The Hematologist

November-December 2017, Volume 14, Issue 6

A Man With Fevers, Headaches and Hemolytic Anemia

Michael A. Spinner, MD Hematology/Oncology Fellow
Stanford Cancer Institute, Stanford, CA
Sebastian Fernandez-Pol, MD, PhD Clinical Assistant Professor, Department of Pathology
Stanford Cancer Institute, Stanford University School of Medicine, Stanford, CA

Published on: October 28, 2017

A 65-year-old man with no significant medical history presented with one week of recurrent fevers, chills, and severe headaches. He had recently returned from a summer trip to Maine and New York where he hiked in wooded areas and sustained multiple mosquito and tick bites. A lumbar puncture showed no evidence of meningitis. Laboratory examinations were notable for a Coombs-negative hemolytic anemia, thrombocytopenia, and mildly elevated transaminases. The peripheral blood smear is shown below.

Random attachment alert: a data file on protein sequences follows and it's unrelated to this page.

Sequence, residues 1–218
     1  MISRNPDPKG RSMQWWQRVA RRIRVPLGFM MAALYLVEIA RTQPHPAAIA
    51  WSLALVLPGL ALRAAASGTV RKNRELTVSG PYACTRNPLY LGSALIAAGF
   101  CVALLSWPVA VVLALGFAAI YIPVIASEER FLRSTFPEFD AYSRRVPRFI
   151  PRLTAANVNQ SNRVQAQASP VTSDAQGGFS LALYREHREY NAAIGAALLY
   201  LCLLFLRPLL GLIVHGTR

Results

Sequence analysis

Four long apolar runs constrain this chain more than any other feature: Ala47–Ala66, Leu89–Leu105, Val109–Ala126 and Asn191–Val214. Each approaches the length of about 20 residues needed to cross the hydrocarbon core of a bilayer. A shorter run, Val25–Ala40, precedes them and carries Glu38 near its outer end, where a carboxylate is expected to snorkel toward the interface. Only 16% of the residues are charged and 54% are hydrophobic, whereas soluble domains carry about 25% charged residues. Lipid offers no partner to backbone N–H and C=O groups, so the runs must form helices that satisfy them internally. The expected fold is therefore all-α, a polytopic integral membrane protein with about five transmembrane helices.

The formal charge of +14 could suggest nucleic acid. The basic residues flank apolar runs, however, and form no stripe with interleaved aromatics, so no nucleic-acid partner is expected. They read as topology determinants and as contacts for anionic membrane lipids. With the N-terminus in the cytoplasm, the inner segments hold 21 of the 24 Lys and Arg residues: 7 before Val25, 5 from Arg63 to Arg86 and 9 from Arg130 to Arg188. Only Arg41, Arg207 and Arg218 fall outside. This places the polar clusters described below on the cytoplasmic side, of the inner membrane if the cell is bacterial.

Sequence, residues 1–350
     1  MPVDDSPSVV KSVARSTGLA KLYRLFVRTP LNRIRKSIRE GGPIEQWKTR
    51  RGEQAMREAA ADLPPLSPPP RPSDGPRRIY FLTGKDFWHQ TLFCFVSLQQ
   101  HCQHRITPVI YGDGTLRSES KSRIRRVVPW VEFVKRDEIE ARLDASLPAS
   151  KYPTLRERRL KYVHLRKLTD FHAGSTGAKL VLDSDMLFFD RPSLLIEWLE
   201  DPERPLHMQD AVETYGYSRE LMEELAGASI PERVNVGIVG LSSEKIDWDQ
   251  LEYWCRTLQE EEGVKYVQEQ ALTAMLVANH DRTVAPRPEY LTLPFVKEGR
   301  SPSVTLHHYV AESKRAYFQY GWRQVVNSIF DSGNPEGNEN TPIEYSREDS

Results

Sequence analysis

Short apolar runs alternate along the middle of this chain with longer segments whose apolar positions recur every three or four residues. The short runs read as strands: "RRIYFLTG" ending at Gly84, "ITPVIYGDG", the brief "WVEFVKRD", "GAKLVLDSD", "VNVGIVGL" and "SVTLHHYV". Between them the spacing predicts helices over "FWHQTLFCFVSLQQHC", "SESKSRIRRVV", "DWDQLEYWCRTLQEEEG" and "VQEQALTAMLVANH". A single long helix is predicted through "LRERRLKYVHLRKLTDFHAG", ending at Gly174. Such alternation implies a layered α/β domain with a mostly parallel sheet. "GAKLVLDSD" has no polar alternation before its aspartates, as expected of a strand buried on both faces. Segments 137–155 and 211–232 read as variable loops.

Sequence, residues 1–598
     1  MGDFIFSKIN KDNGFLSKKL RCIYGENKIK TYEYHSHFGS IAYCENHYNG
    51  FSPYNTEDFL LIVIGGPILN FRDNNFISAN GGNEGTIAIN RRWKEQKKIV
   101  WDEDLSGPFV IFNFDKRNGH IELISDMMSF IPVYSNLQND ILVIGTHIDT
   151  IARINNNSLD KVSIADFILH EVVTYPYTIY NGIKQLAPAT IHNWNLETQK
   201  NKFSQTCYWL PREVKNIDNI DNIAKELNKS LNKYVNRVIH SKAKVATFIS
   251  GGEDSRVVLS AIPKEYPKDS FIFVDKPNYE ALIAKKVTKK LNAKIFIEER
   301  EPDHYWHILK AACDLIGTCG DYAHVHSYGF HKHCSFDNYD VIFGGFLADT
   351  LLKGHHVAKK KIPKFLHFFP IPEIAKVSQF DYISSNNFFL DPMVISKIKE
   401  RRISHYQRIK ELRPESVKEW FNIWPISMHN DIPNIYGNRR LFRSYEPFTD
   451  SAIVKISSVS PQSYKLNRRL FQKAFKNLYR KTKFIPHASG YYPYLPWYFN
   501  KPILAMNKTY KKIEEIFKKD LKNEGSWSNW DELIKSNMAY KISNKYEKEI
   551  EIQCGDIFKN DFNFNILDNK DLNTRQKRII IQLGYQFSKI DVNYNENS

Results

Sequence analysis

Image Challenge Nov Dec 2017



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